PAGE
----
Now the director of a large insurance company in Warsaw, 32-year-old Tadeusz Prochwicz started his career with six years in London’s financial sector. “It is a very tolerant, proper and meritocratic city,” he says.
But today, looking back at their experiences, many returning Poles admit London was not always the dream town they had imagined. “Even though I miss London, I remember endless hurry, crowds, expensive living and high levels of criminality in some neighbourhoods,” says Szatyłowicz. “I would not like to live there permanently.”
Olga Kaczmarek, an anthropologist at the University of Warsaw, says that before Poland entered the EU, a visit to London was a sign of prestige. “Well-off families would travel there and send their children on language courses,” she says. Poles still go to London to sightsee, she says, “but more people go there to look for jobs”.
Strzałkowski concurs: “Ask a Pole for directions in London and as an orientation point he will probably choose a job centre, rather than the British Museum.”
Alonso Domínguez speaks English not only flawlessly but with a posh accent he picked up living in London. This has won him kudos in the world of luxury business as he prepares to launch a retail showcase for international couture brands that have until now have had no presence in his native Mexico. But he feels London’s days as a capital of creativity are over. “There’s nothing new coming out of London,” he says.
For many Mexicans, however, the UK capital is less about novelty than tradition. That was underscored by president Enrique Peña’s visit to the UK this March, in a year in which the countries have promoted and celebrated each other’s cultures. The president rode in the Queen’s golden carriage, visited Buckingham Palace and basked in the pomp that Mexicans who have not visited London expect of the city.
“London is for an elite that can afford to send their children there to learn English,” says Andrés Rozental, former deputy foreign minister of Mexico and ambassador to the UK in the 1990s. “But the average Mexican still has an anachronistic perception. Everyone knows Britain has a queen and that London is the capital, and they might be familiar with the London Olympics, but British people know more about Mexico than anyone in Mexico knows about Britain and London.”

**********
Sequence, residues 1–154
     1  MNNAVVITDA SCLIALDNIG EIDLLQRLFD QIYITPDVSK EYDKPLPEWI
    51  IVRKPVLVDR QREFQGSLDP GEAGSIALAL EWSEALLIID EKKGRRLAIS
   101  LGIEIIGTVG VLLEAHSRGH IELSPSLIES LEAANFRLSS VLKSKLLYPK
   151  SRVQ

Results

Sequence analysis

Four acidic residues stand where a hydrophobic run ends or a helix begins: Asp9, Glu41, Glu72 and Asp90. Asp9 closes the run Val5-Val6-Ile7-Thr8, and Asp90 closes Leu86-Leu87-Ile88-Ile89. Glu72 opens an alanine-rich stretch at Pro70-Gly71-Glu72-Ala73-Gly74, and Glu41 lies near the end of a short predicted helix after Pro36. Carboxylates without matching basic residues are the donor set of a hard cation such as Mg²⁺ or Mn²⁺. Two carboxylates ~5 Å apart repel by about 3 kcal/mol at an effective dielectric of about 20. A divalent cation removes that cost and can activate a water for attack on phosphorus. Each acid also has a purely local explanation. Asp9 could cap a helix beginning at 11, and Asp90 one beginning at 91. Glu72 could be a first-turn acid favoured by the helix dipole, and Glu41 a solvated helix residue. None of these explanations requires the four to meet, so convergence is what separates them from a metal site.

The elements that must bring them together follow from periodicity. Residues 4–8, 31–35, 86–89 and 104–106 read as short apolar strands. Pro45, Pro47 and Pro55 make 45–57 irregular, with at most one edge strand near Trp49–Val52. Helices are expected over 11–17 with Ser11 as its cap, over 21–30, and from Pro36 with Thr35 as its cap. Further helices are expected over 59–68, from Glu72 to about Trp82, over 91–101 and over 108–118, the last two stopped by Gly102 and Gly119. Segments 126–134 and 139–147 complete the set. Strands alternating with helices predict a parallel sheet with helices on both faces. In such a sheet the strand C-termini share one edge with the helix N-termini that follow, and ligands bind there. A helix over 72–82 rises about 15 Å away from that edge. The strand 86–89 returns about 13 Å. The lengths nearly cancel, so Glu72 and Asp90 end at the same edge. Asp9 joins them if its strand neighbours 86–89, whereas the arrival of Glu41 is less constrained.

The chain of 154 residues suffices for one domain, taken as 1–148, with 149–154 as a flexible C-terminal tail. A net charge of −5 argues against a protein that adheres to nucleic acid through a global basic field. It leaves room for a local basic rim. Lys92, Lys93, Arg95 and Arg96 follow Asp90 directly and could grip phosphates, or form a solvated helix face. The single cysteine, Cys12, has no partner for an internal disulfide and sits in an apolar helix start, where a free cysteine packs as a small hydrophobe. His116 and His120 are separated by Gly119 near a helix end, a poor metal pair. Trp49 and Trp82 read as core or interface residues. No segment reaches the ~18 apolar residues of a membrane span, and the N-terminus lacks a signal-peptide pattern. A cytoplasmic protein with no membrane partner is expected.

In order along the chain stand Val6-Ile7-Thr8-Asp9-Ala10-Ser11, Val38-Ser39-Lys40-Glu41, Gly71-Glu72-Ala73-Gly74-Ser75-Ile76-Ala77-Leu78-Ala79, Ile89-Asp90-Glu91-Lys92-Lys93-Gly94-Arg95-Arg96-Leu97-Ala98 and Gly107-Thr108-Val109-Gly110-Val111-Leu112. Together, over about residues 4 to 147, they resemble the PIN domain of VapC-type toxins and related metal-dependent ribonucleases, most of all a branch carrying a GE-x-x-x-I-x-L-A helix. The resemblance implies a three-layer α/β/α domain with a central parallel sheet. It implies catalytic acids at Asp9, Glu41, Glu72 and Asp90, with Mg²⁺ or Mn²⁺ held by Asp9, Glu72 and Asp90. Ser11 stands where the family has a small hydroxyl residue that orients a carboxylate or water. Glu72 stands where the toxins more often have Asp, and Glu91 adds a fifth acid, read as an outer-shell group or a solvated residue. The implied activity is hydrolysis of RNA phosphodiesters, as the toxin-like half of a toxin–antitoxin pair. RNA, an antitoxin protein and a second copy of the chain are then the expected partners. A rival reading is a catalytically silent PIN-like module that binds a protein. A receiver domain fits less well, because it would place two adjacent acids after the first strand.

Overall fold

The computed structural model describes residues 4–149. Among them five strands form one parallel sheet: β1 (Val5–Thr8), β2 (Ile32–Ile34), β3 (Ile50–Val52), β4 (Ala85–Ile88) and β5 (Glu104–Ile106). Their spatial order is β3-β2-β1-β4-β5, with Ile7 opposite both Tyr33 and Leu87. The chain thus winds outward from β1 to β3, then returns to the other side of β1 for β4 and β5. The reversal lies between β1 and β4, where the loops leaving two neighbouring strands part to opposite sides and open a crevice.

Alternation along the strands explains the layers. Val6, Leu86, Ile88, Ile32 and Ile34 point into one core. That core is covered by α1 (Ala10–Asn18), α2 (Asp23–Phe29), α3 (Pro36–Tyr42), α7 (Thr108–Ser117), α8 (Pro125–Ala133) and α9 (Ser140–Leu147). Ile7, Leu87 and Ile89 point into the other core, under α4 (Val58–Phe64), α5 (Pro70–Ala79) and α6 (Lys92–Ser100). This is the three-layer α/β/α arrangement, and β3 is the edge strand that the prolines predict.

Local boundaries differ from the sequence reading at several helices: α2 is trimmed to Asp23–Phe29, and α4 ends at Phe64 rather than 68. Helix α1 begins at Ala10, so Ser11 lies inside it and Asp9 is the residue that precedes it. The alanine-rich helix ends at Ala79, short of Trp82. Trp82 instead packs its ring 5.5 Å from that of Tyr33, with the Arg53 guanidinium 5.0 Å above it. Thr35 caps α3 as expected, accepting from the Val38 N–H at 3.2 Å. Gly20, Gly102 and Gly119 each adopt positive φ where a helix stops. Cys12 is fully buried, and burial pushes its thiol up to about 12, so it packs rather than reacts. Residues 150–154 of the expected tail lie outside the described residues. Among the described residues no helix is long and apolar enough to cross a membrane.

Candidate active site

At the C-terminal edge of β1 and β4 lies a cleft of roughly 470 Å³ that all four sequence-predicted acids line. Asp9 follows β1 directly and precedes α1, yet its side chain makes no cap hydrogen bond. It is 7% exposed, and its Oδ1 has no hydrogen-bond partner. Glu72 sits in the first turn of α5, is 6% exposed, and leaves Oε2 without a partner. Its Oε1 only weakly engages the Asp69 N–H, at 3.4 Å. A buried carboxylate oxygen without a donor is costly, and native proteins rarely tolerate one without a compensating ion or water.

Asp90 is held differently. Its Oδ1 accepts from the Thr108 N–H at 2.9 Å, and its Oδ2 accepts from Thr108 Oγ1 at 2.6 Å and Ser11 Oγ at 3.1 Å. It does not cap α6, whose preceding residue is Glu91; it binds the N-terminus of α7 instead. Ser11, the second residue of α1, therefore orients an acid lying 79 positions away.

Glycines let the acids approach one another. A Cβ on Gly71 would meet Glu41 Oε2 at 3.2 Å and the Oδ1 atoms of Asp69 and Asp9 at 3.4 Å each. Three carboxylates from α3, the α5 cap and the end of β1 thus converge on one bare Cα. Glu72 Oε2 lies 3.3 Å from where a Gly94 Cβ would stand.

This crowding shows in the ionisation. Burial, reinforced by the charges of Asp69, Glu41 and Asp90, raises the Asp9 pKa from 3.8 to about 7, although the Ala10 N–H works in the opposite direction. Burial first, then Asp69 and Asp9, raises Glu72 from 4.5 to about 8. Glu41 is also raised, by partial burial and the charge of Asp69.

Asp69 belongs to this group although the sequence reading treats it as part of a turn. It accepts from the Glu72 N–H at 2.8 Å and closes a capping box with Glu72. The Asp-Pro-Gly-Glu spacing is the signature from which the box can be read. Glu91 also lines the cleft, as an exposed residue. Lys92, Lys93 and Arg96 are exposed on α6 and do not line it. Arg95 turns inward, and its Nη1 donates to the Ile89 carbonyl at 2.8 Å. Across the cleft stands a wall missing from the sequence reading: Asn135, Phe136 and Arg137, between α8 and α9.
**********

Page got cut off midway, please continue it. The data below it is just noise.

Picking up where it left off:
Gabriela Méndez, a Mexican academic who studied for a masters and a doctorate in media and communication at Goldsmiths, University of London, equates the capital with “liberalism, colonialism, capitalism and other ‘-isms’ that are not entirely lacking in controversy”. She values, above all, “the cultural diversity of its inhabitants”.
Most Mexicans, though, live in the shadow of the US. “Because we are so used to the US, the fact that London is English-speaking makes some people think it’s the same thing, so we skip it and go to Paris,” Domínguez says.
But in protocol-loving Mexico, London has one enduring merit. “It’s the place where manners come from,” he adds.
As the capital of Kenya’s former colonial ruler, London arouses the gamut of feelings in the African country. Many Kenyans keen to visit London despair of visa woes, turned down seemingly without reason despite having waited in long queues and paid hefty upfront fees. But for many, London remains home from home. Kenya’s well-to-do still send their children to the UK’s private schools and universities, and maintain links with family and friends in Britain.
Chris Foot, the son of a Kenyan mother and an English father who took up Kenyan citizenship on independence from Britain in 1963, likens the relationship to home comforts. “When you visit it’s like going back to a favourite armchair, not something new and shiny that you’re trying out,” he says.
The entrepreneur, now in his early 40s, went to school in the UK aged 10. He still buys his clothes in London: “If you want a decent suit or shirt or brogues you have to go to London for them — Jermyn Street is still a place where we all go and hit the sales, which we look forward to.” Visiting Kenyans also do what Londoners appreciate in theory but rarely make time for, he says: attending outdoor opera at Holland Park, dining out, going to plays.
London has less urban crime than Nairobi and offers the chance to walk and cycle as you please — what Foot describes as the stuff of “pixie dust”. This is freedom of the sort most Kenyans with deeper pockets can find at home only when they travel outside their capital.
For 28-year-old Nonnie Wanjihia Burbidge, who lived in Notting Hill, west London, before homesickness drove her back home to Kenya, London was a playground filled by friends she now considers extended family. Mesmerised at first by anyone with the savvy to negotiate the underground, she soon grew to prefer walking and the bus. “My love affair with the tube didn’t last very long . . . eventually the novelty wears off,” she says. But she recalls fondly the welcome she received: “When I lived there I very much felt like a Londoner rather than like a foreigner.”